When I arrived at Harvard Divinity School in the fall of ’06, there was a lot of buzz about the documentary Into Great Silence, which followed the lives of Carthusian monks in their mostly silent, solitary rhythms. I finally saw the documentary this past week. The first thing that struck me was the vast difference between my life and theirs. I didn’t even remain silent through the whole movie, nor could I find the almost-three hours together to watch it all in one sitting.
Yet, looking into the faces of the monks as they stood before the camera for brief, snapshot-like close ups, they didn’t always look so different from me. They looked a little uncomfortable about standing there staring. They looked like they didn’t know what their expressions would show about themselves, and they wanted them to show something good. They looked, sometimes, clear eyed and enlightened. They were striking—but not so separate from my experience as logic says they ought to be.
I was expecting the monks’ lives to be rarified and alien, but I felt in fact that, despite the many, many differences between us, we were ultimately addressing ourselves to the same question. I felt that I was called to this question, though not specifically to this way of life, and I felt gladdened by the connection. (I can’t tell you what the question is, by the way—something about God? Something about me? Something about Jesus, about the planet, about the way the sky looks in the morning and the way the oldest monk’s spine stuck out of his neck while another monk rubbed his skin with lotion? I just know that I’m asking it…)
Throughout the movie, quotes from the Bible and other, unknown sources flashed on the screen in French, German, and English. One of the most frequent I recognized: “You seduced me, O Lord, and I let myself be seduced.” Except I remembered the word as “duped,” because it startled me when I heard it read in church for the first time, for its colloquial-sounding anger and intimate nastiness about God’s behavior and intentions. After the movie, I got down my Bible and started looking through… was it in Psalms? No. Isaiah? Nope. “Duped” was not in the index. Finally I gave up and googled the quote, and found the most vitriolic, aching, bitterly ravaged address to God I’ve ever seen (Jeremiah 20: 7-18). I also found several websites of religious orders taking this verse as a statement of the experience of vocation.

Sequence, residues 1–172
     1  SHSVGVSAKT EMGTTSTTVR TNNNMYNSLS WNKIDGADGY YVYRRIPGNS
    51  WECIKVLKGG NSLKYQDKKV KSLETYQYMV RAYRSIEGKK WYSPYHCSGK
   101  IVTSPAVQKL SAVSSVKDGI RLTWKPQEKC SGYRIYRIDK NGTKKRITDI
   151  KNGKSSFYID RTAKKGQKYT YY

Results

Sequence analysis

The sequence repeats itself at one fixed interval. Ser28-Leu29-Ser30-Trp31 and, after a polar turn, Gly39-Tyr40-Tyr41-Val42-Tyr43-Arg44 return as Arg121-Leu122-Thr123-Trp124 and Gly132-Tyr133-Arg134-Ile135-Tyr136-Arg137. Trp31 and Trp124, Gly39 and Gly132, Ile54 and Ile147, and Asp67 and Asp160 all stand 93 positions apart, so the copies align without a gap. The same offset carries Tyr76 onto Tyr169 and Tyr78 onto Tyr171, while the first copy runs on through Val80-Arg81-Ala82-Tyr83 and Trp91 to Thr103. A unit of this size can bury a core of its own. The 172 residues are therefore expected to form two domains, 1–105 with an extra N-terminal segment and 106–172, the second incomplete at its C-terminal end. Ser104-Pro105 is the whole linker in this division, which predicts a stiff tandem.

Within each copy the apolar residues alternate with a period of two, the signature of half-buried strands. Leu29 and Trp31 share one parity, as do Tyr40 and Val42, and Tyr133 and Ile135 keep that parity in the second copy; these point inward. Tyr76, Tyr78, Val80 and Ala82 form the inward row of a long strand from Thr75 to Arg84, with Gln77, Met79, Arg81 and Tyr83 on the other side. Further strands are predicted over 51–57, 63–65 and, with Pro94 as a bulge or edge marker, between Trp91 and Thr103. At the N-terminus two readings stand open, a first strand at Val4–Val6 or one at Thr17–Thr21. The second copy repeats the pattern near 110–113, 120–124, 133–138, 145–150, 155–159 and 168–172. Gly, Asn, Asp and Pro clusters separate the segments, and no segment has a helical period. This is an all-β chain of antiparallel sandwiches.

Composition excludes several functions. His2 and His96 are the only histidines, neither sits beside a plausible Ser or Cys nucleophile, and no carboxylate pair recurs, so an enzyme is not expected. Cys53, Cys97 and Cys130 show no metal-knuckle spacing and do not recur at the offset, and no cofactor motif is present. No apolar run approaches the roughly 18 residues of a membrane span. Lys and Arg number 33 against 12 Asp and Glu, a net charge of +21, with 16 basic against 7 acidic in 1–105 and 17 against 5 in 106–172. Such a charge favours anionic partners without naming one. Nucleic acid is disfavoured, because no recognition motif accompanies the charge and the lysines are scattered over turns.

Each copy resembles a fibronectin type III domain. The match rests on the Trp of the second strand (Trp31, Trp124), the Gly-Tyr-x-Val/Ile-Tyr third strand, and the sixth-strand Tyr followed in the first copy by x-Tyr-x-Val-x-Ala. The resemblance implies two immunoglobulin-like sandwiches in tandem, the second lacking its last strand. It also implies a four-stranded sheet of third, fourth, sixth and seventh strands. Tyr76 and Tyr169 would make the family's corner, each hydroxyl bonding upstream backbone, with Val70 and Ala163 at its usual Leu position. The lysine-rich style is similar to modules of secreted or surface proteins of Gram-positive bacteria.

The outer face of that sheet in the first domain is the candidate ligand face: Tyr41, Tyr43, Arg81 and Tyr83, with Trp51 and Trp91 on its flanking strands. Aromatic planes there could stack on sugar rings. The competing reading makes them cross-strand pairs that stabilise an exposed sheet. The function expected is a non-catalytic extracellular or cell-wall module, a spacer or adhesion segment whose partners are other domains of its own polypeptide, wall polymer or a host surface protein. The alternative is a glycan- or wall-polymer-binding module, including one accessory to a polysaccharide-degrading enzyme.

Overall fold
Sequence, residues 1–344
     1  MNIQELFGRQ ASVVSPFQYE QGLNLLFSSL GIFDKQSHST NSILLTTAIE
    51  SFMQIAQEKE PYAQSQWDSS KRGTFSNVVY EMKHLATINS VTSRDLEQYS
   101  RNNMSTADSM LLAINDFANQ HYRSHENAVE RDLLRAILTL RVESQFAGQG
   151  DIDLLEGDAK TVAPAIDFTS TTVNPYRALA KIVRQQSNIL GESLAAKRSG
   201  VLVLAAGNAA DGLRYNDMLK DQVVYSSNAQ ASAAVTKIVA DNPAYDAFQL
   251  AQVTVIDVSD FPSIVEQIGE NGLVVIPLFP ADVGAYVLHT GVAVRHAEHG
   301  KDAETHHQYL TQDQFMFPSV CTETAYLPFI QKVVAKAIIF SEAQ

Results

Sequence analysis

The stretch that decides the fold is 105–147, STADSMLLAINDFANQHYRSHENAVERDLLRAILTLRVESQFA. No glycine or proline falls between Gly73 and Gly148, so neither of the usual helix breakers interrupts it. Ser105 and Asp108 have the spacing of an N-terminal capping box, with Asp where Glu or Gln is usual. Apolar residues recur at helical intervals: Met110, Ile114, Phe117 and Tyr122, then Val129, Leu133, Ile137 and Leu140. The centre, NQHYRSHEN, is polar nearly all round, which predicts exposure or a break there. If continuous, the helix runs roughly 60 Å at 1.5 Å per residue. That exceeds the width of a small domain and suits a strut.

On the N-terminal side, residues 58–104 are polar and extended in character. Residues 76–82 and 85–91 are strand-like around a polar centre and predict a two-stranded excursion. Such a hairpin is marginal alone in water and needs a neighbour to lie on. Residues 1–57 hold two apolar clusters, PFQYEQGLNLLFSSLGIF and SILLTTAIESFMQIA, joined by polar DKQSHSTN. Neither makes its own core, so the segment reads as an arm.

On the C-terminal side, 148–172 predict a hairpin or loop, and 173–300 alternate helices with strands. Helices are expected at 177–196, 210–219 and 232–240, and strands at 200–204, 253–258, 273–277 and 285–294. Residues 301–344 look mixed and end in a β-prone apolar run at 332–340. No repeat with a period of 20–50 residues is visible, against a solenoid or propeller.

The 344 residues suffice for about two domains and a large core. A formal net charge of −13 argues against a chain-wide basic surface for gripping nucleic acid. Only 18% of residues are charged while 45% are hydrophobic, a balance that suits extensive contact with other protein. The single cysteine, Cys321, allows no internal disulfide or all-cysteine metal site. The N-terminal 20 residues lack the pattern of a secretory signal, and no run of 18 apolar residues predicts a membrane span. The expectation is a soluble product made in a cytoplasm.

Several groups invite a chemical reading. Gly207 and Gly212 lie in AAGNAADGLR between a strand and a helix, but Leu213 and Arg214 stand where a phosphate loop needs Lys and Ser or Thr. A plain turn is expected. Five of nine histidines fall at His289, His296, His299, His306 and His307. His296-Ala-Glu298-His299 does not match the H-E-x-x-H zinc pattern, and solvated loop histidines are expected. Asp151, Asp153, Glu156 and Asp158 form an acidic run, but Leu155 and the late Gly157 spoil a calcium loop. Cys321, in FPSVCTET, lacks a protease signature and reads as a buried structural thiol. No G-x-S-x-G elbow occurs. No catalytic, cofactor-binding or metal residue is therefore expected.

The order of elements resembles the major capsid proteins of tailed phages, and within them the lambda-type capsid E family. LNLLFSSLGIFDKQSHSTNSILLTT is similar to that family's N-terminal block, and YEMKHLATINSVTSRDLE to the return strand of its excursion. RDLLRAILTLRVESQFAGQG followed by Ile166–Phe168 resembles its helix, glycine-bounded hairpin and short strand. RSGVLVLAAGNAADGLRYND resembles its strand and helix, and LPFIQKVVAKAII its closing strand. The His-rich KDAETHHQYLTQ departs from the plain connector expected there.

I clicked around on one of those, and ended up at a series of sites connected to Pine Ridge Reservation in South Dakota. This is an Ogala Lakota Reservation, and one of the most staggeringly poor locations within the boundaries of the United States. Statistics vary, but around 80% unemployment persists, the infant mortality rate is about twice the national average, and average life expectancy is about 20 years lower than the national average. I read about the schools there, and the efforts of both teachers and students to learn and sustain the Lakota language. I read about how many people die from heart disease, how many amputations there are due to diabetes. I read the blog of a volunteer at one of the schools, and she talked about how intense and exciting the basketball tournament was. I read about a young woman who was adopted from the reservation and lived outside it, and her words fell over themselves with passion when she described the sufferings of her family who remained behind. I read about the things various organizations working there currently need. I read a lot.
Now, it could be one of those crazy internet things, how you can look up something totally mundane, and the next thing you know you’re learning about the biggest frog contest held at some county fair somewhere, and seeing frogs dressed in funny hats and little feather boas… but I feel something more robust about this connection.
I don’t think it’s a total coincidence that I am left with three impressions from my viewings and wanderings last night: Contemplation and silence matter, following God can seem like a crazy, bumpy, nasty ride, and there is this one place I didn’t know about before, among many places, where justice and human love are fighting an uphill battle like you wouldn’t believe.
I don’t know what to say about those things. I only know to lay them before you, and ask you to pray them with me, and then… be silent, and in silence wait, for whatever will come next.
Rebecca Lynne Fullan lives in New York City, which is a very noisy place, but is trying to make more time for silence.